If you were working and were also in receipt of any social welfare payment such as a Carer's Payment, Working Family Payment (WFP) or One-Parent Family Payment, you can, provided you have lost your job due to COVID-19, also claim the COVID-19 emergency payment, in addition to retaining your existing welfare payment. The COVID-19 Payment Unemployment Payment will replace your employment income and will be regarded by the department as equivalent to employment income.

This payment is subject to income tax but is not liable to either the universal social charge or PRSI (pay-related social insurance).

It is proposed that at the end of the year, Revenue will send a preliminary end-of-year statement, outlining what it understands to be the recipients income during the year – from the unemployment payment and also any work during the year and it will indicate how much tax is owing.

Enhanced Illness Benefit

This payment is for workers and the self-employed who cannot work in the short term because they have been medically certified to self-isolate or are ill due to COVID-19.

The personal rate of Illness Benefit will increase from EUR 203 per week to EUR 350 per week for a maximum of 2 weeks where you are medically-required to self-isolate or longer following a confirmed diagnosis of COVID-19.

COVID-19 and Rent Supplement

Legislation was introduced to prevent both the termination of residential tenancies and any rent increases for the duration of the COVID-19 pandemic.

While tenants are expected to pay rent during the COVID-19 pandemic, Rent Supplement is available to you if you are struggling to pay.

There are new Rent Supplement rules for applicants who apply on or after 13 March 2020. These rules will be in place until 31 August 2020:

  • You can qualify for Rent Supplement if you or your partner are working more than 30 hours per week and you have had a reduction in your income from work due to the COVID-19 public health emergency.

  • You must have been in your current tenancy for more than 4 weeks and could have continued to paid your rent from your own resources, but for the COVID-19 public health emergency.

  • If you are diagnosed with COVID-19 or are suspected of having COVID-19 and are medically required to self-isolate, your Rent Supplement can be processed and paid immediately.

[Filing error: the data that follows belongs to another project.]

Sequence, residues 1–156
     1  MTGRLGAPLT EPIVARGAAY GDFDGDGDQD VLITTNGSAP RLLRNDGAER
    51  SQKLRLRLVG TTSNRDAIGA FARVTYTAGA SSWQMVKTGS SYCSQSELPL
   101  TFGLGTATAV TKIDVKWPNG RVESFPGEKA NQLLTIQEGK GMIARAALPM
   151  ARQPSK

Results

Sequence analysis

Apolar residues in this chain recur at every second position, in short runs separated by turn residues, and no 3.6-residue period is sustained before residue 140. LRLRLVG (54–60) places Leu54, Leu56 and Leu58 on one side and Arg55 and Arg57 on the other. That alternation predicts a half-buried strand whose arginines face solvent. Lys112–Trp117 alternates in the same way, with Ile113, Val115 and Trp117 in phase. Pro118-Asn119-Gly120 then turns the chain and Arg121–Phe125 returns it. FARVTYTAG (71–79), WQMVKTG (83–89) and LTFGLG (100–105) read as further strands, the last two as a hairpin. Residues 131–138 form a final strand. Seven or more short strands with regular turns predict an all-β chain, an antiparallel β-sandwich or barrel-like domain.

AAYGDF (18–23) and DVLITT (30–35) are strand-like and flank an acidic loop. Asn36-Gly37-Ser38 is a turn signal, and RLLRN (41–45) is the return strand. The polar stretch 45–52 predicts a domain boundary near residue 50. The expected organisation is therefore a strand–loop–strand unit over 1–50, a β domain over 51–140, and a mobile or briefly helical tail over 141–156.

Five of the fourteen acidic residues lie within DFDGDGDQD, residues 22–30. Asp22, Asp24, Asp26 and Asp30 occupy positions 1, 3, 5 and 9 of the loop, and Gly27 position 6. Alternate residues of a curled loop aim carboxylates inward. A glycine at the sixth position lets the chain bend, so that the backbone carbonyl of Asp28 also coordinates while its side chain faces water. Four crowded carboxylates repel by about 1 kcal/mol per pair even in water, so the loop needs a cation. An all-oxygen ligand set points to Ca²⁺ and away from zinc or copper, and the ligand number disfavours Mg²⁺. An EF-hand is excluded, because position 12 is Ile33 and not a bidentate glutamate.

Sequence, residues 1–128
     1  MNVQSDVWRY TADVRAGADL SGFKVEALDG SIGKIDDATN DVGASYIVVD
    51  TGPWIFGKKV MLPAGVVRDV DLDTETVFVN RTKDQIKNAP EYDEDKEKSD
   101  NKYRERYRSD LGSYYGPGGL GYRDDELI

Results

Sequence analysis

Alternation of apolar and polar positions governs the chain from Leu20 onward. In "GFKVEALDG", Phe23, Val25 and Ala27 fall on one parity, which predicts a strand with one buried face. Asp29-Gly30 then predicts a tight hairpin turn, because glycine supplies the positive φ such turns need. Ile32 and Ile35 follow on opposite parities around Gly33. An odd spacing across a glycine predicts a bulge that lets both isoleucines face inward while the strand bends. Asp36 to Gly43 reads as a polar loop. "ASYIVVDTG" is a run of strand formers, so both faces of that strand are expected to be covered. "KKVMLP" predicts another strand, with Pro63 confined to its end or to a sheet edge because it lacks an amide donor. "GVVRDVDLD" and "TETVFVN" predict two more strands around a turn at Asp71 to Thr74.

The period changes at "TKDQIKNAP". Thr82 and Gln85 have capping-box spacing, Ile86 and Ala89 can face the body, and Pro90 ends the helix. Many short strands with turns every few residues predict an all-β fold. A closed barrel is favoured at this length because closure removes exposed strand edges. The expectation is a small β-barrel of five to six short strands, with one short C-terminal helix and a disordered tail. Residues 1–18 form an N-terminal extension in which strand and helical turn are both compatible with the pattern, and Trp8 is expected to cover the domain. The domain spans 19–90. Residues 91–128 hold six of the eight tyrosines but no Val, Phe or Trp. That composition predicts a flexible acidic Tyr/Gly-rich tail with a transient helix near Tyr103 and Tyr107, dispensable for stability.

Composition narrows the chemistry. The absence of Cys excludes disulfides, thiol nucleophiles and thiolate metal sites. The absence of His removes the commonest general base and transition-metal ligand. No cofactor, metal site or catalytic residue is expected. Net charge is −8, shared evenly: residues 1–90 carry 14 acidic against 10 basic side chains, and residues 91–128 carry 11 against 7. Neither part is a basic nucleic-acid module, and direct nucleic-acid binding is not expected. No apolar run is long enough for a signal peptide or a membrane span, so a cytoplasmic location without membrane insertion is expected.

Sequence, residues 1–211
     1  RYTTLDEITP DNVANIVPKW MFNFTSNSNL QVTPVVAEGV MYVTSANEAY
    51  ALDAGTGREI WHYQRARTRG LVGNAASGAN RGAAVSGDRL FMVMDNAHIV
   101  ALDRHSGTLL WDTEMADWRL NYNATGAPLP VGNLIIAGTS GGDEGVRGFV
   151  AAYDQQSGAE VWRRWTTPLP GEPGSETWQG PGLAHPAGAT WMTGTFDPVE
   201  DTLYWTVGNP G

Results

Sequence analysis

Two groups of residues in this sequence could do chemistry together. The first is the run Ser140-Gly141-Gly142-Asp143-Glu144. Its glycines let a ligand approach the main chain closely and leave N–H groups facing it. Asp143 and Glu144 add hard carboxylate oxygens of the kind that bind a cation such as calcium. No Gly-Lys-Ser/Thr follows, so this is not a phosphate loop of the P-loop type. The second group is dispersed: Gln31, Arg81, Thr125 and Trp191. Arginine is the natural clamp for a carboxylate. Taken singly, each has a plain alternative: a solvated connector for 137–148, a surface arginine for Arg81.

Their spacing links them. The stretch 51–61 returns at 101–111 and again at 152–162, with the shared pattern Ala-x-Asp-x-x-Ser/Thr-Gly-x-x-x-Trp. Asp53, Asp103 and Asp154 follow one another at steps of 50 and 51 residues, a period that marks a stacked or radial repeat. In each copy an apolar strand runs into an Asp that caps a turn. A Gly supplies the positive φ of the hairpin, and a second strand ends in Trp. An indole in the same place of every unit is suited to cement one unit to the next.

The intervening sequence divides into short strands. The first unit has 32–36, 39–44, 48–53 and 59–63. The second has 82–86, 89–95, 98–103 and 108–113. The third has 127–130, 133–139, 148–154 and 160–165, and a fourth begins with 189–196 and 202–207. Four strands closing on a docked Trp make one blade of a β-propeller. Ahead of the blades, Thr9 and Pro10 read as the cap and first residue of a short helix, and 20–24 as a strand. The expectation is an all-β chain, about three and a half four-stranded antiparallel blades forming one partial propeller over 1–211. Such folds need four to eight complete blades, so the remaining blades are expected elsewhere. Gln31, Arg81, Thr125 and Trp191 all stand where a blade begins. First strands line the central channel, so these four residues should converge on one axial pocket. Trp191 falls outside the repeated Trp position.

• You will be assessed for Rent Supplement using a higher Supplementary Welfare Allowance rate.

The basic Supplementary Welfare Allowance rate is normally EUR 201 – you will get a higher rate if you have dependents. However, if you are a new Rent Supplement applicant and applied on or after 13 March 2020, you will be assessed for Rent Supplement using the following Supplementary Welfare Allowance rates:

  • EUR 350 for a single person

  • EUR 700 for a couple

  • EUR 40 for each child.

Information not available, although such schemes do exist.

2020 Parameter values

2020 Tax equations

The equations for the Irish system in 2020 are mostly on a family basis using mainly a tax credit system for the first time. But social security contributions are calculated separately for each spouse. This is shown by the Range indicator in the table below.

The functions which are used in the equations (Taper, MIN, Tax etc) are described in the technical note about tax equations. Variable names are defined in the table of parameters above, within the equations table, or are the standard variables “married” and “children”. A reference to a variable with the affix “_total” indicates the sum of the relevant variable values for the principal and spouse. And the affixes “_princ” and “_spouse” indicate the value for the principal and spouse, respectively. Equations for a single person are as shown for the principal, with “_spouse” values taken as 0.

Mentions légales et droits

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© OCDE 2021